Henry Aubin wrote last week about the upcoming 10 year anniversary of the forced merger of the municipalities of the old Montreal Urban Community into one city in this column. While 15 municipalities have voted to demerge, the majority of people on the Island remain part of the Montreal borough system. And it’s not a pretty sight.
Merging large cities into one bureaucratic network is basically a Conservative idea. Mike Harris brought Toronto into a Merge by claiming they would cut out the bloat – just like current Mayor Rob Ford’s stop the gravy train slogan – only to have turned it all into a fat beast bulging at the seams with endless demands to be fed. It’s just like the Conservatives in the US who rage against against government spending while breaking records for the national deficit. It looks like the “people” really are that retarded as they fall for the same story over and over again.
The most important thing to remember about the Montreal merger is that there was no absolutely no evidence anywhere that merging cities was a good idea, but, oh baby! does that enough-is- enough-let’s-cut-costs-in-that-megalopolis-that-is-bleeding-us-dry ever play really sweetly out in the hinterlands! Letting provincial or state governments control their fate is one of the biggest mistakes cities can do for themselves. Unfortunately, in Canada, there is a very clear history of the larger cities being severely underfunded, if not out and out neglected, by federal and provincial governments – mergers seem to be more about abuse than help. And this is a fact regardless of how much they will scream that they have treated cities well, they haven’t.
At the center of all the merger’s failures is Gerald Tremblay. He has been elected three times and those are the kind of numbers that strongly implies that he has been doing a good job. Wrong! It’s the unwillingness of voters to think clearly or take a step into the 21st century, that has allowed Gerald Tremblay to keep flowing with his inept devotion to traditional politics and urban management. English voters, to mention one obvious group, vote en masse for Tremblay and his soft core federalism, because they perceive everyone else as “separatists”. They have been voting Liberal by default for at least 40 years and then wonder why they don’t seem to get a break from government. It’s a given they will vote Liberal so no one spends any energy in trying to get their vote, and elected governments do not feel beholden to them. And the West Island, demerged for the most part, wonders why it always seems to get screwed when new transportation projects are announced. Politics is like the lottery, you can’t win unless you buy a ticket, so get involved or accept that you can’t be heard. Paying taxes doesn’t cut it, the overwhelming majority of people pay taxes, you have to actually get out there and do something.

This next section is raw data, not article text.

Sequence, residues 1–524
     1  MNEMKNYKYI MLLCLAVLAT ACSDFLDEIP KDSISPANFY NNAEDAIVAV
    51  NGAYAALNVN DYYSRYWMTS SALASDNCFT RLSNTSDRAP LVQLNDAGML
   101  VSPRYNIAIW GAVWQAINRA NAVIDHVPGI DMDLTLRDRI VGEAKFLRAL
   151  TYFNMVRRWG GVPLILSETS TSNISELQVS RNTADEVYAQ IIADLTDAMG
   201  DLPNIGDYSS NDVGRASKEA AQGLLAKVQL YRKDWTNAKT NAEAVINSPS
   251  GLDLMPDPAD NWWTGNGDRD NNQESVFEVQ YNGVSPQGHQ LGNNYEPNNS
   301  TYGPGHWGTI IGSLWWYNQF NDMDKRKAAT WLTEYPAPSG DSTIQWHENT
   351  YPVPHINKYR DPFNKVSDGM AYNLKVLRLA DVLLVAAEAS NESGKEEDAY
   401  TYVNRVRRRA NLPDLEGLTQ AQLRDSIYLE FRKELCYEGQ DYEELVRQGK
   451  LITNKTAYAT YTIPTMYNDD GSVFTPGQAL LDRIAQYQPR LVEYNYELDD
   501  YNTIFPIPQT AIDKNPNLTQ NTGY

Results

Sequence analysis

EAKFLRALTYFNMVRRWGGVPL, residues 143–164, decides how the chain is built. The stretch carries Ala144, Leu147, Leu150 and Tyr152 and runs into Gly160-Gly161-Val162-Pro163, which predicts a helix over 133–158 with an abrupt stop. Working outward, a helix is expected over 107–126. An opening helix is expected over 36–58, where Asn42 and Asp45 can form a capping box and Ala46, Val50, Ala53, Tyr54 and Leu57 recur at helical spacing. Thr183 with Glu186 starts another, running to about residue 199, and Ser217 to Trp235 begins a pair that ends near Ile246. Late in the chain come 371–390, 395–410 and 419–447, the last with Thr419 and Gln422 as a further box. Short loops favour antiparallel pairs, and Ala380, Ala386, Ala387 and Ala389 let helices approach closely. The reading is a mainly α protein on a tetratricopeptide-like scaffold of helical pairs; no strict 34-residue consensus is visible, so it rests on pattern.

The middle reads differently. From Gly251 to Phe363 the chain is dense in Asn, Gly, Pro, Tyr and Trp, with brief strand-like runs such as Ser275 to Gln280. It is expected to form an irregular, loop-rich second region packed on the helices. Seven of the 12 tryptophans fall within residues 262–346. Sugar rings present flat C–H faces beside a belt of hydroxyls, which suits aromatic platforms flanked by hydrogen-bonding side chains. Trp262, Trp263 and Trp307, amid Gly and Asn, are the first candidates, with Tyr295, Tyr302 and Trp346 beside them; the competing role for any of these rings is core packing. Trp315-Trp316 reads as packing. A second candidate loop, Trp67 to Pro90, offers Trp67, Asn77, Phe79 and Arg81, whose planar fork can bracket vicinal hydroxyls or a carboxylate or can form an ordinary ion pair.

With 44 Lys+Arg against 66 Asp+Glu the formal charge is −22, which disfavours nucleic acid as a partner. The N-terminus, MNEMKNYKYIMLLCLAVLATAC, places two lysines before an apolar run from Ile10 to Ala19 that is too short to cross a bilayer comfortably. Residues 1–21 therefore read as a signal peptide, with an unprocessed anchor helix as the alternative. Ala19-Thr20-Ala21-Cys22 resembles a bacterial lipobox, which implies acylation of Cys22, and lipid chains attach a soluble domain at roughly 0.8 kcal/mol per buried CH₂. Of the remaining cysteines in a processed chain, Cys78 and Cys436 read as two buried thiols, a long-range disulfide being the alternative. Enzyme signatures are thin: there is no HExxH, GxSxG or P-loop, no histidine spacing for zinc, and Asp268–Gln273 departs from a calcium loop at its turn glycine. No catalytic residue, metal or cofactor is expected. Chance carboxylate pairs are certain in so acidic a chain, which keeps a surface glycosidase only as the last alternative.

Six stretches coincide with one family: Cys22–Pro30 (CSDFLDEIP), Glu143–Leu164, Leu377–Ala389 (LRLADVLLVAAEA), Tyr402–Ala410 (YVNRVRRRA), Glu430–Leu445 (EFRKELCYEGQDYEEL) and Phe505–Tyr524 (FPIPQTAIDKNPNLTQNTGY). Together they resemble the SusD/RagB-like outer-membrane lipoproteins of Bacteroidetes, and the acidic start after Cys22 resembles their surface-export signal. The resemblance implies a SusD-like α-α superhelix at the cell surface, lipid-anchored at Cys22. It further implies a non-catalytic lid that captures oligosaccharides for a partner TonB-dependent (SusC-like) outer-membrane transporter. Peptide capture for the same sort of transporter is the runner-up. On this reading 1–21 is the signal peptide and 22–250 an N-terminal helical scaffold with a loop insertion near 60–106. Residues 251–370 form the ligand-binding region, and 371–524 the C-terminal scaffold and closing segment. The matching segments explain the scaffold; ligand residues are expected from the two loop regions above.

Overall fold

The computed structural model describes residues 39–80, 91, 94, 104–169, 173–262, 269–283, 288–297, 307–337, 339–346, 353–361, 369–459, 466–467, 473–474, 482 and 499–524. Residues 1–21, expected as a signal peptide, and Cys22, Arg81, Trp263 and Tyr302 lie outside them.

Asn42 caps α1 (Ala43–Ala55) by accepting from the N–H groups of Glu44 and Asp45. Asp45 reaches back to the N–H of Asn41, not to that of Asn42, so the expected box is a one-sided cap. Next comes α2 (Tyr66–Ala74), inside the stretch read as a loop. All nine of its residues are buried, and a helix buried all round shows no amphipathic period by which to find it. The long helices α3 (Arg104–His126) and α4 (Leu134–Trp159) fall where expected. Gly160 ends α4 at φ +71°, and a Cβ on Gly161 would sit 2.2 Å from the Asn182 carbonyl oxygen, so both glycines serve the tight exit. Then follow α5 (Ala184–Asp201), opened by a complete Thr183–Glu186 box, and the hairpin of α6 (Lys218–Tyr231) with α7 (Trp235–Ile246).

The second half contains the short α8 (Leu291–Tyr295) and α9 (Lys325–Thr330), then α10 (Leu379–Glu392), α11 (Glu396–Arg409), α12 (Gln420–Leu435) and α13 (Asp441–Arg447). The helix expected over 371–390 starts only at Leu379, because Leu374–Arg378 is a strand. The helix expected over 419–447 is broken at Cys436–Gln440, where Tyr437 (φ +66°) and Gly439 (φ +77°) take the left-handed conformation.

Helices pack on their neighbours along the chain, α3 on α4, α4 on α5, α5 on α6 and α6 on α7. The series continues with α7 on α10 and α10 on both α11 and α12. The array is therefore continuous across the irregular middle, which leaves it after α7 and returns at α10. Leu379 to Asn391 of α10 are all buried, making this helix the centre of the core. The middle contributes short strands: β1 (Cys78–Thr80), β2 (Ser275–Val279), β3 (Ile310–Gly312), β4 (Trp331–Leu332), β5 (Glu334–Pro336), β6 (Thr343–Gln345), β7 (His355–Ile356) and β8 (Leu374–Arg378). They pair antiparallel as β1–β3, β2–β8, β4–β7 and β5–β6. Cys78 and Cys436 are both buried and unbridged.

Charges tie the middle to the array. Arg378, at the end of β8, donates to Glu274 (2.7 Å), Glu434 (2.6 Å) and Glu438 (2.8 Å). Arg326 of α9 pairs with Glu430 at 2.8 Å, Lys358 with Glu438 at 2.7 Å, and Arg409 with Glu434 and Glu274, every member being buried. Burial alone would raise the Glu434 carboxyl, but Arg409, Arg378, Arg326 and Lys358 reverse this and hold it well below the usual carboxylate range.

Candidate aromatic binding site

Corruption and patronage have a lot to do with Montreal’s failure to function properly and the merger has done nothing to change or prevent these structures from proliferating, another highlight of the Tremblay dynasty. We have little direct democracy with citizens forced to bring their objections to public consultation boards that have no real influence beyond making compromising recommendations. And that happens only when the projects are deemed big enough to warrant the bureaucratic bloat that these processes in themselves require, and then the recommendations are politely ignored. Selling City properties worth 20 million for 2 million is just one example of ultra bad management, so much so it seems spiteful, but it is important to remember that such sales are not required to have any public scrutiny. Everything is set up to make life easier for the bureaucracy and it’s allies, and more difficult for ordinary people. And who benefits by all of this when the City says it’s broke and can’t afford some routine service? When it says it has to raise your taxes?
Even the people who worked on the merger project, such as Louise Harel, have admitted that it has not worked out very well. You simply will not hear anyone singing the praises of the new city with a straight face. The failure of the Montreal Merger is a done deal. But, we the people, continue to keep buying the same story over and over.